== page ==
Google chairman Eric Schmidt, one of the most influential people in global technology, is said to have echoed key proposals outlined in the Livingstone-Hope Skills Review.
Schmidt (pictured), whose CV includes advisor and donor to Barack Obama’s presidential election campaign, last week appeared highly critical of the UK’s own education system during a speech made in Edinburgh.
The content of the criticisms were, however, very much appreciated by Eidos life president Ian Livingstone and culture minister Ed Vaizey.
Livingstone has co-authored the Skills Review, a document of 20 recommendations for reshaping the education system to address the UK game industry’s so-called ‘brain-drain’. Vaizey, as well as several other MPs, have backed the paper.
"It’s as though Schmidt lifted his comments straight from the Skills Review,” Livingstone told GamesIndustry.biz.
In his speech, Schmidt said he was "flabbergasted to learn that today computer science isn’t even taught as standard in UK schools" – a central proposal from which the Skills Review was built around.
Livingstone, who attended Schmidt’s keynote, said the Google chairman’s comments were “a ringing endorsement of the Skills Review and gives us belief and encouragement to continue even more vociferously with our campaign."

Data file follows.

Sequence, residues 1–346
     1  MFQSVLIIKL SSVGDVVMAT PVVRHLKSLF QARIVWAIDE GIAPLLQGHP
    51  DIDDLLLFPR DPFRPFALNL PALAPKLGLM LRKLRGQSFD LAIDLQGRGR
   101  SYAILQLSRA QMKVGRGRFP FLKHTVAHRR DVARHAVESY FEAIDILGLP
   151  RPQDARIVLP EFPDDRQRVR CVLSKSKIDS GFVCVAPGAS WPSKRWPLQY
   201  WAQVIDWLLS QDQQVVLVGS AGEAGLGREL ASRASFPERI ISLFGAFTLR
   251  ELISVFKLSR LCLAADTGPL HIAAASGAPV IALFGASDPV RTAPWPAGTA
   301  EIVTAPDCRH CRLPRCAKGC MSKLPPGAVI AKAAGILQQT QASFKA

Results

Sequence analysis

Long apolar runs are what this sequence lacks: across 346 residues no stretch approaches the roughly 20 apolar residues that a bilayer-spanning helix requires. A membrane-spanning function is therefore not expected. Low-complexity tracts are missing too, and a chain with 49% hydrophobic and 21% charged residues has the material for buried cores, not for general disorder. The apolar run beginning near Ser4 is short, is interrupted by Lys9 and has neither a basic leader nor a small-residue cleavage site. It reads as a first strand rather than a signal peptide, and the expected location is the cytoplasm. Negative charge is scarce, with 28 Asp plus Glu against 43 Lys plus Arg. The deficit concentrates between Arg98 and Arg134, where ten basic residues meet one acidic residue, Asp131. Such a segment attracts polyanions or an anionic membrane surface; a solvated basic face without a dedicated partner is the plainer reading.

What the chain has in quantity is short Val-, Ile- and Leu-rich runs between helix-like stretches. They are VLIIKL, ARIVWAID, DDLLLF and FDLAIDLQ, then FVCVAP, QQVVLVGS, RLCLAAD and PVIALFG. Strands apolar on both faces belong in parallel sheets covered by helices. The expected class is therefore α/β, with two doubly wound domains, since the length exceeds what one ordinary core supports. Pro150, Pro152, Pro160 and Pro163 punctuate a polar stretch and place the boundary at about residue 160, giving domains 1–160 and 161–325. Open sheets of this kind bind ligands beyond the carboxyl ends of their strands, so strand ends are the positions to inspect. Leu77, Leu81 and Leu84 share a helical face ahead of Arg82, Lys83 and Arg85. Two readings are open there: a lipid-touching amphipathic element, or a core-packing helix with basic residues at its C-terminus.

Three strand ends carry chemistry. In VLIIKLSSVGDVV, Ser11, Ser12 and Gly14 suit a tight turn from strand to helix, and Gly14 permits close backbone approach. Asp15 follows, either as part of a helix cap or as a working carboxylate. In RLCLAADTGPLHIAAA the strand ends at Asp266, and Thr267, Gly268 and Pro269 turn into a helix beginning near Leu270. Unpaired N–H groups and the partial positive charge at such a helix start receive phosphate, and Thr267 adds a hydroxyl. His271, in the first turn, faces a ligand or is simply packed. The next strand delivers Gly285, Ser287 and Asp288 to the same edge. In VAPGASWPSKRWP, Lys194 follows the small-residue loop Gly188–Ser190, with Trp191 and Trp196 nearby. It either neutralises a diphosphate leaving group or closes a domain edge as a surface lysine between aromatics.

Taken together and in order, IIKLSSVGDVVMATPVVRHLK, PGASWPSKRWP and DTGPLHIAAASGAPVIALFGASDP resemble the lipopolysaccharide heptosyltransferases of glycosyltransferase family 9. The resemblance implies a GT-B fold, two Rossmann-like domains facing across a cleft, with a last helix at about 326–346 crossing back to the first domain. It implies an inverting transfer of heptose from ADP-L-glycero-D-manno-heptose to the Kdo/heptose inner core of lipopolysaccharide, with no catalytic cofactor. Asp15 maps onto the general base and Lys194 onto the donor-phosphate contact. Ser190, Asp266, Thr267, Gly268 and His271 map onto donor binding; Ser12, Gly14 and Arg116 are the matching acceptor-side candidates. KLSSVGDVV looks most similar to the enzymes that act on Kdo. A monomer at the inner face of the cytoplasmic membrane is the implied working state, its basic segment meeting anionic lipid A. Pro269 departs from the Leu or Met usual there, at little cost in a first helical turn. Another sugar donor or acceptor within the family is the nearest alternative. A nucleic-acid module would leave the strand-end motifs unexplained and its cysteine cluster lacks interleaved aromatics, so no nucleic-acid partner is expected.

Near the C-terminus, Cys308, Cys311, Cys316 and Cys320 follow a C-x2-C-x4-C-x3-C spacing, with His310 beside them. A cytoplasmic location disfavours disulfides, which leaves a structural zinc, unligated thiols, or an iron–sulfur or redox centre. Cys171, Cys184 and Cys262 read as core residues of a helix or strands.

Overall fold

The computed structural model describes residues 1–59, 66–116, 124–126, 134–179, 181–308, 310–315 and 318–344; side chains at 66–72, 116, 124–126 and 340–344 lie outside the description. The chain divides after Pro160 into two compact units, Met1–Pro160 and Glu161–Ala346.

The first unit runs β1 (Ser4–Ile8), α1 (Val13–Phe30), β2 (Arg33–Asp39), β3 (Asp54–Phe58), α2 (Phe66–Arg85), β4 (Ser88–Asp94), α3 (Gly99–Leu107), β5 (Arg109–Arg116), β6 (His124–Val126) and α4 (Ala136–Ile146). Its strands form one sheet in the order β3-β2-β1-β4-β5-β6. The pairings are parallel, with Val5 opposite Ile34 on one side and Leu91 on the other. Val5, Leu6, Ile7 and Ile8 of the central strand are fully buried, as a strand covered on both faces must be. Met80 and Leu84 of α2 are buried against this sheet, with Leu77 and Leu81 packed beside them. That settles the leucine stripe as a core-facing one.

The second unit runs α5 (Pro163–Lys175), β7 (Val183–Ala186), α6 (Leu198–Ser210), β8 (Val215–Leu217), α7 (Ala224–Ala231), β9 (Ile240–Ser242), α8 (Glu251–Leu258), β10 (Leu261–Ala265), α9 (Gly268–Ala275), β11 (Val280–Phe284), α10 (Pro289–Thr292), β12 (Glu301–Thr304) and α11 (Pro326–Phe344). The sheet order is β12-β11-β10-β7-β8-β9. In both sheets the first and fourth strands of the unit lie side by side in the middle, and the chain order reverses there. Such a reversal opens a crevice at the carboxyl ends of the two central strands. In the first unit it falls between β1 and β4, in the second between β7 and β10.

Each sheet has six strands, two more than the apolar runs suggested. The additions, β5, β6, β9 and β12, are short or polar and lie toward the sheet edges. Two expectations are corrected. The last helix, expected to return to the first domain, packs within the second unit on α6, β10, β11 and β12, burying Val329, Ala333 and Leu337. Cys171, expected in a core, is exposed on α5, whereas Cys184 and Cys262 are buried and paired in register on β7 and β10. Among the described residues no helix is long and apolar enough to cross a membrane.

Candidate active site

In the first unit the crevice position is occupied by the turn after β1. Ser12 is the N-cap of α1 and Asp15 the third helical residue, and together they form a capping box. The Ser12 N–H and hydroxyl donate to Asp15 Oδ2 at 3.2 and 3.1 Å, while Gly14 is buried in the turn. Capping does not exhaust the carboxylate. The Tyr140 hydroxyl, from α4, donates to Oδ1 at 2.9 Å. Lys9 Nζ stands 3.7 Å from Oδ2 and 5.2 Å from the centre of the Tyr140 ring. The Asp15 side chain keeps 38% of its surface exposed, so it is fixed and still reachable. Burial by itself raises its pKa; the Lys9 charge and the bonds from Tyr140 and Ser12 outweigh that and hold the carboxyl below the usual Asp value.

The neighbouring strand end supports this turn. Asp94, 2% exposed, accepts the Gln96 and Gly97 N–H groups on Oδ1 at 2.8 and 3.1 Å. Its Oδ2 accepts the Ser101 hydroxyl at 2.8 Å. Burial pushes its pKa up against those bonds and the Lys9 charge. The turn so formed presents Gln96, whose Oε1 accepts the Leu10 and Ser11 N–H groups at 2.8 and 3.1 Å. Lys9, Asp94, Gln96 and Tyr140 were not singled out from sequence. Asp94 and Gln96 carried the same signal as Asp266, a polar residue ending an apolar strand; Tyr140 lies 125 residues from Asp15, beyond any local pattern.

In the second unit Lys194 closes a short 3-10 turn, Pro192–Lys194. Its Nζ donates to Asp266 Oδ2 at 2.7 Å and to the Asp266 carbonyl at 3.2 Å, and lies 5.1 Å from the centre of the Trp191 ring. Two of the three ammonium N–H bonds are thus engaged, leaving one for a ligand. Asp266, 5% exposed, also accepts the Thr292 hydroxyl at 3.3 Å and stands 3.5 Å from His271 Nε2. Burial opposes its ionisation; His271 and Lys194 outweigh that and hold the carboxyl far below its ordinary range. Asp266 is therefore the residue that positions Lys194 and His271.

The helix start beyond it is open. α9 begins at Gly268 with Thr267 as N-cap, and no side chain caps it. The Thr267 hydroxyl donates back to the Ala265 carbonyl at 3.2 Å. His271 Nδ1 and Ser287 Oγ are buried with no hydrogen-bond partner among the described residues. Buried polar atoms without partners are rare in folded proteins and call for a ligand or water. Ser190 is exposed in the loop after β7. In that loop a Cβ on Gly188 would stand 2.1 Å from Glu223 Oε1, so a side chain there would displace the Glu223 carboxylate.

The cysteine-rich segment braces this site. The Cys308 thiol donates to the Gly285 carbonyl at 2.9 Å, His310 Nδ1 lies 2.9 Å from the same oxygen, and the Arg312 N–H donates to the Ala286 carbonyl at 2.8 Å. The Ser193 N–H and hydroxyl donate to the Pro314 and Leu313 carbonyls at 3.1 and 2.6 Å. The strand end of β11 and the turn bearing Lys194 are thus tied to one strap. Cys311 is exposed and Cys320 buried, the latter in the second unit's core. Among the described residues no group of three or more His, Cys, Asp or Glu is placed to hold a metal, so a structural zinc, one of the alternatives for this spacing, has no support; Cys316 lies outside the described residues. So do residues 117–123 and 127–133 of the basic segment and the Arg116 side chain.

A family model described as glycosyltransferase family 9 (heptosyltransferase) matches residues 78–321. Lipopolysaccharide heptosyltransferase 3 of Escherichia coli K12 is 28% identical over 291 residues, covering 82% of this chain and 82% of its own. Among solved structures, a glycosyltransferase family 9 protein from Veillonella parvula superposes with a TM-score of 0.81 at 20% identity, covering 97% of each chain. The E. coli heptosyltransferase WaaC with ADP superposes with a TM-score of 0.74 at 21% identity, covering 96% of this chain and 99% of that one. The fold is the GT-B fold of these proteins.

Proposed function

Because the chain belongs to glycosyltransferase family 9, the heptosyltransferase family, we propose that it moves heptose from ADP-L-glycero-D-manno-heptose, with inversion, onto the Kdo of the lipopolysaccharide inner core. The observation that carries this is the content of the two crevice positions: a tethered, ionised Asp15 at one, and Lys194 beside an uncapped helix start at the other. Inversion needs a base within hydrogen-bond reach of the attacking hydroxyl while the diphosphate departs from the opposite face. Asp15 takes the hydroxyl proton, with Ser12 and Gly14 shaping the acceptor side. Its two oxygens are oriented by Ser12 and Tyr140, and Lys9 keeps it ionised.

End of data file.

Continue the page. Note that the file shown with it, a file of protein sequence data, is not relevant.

Schmidt had “bemoaned the throwing away of our heritage of computing starting with the BBC Micro in the 1980s and the BBC’s broadcasting of coding for kids”, according to Livingstone’s account.
“He criticised the fact that computer science is not taught in schools and that the curriculum focuses on using software with no insight on how it is made,” Livingstone added.
The Eidos life president, who in July became the newest recipient of the Develop Legend Award, said the culture minister Ed Vaizey “will use Schmidt’s comments as a platform to boost the awareness of the Skills Review’s recommendations."
"I would hope that the lecture would help our cause to gain greater traction inside the Education Department and BIS," Livingstone added.
However, Livingstone confirmed that Education secretary Michael Gove, or any of his advisors, still has yet to make any comment on the skills study.
"It is a shame that it takes the chairman of a US multi-national to rattle the education department’s cage to get our house in order when they had been told already but didn’t seem to be bothered about it."
The Government is due to issue an update on the Livingstone-Hope report next month.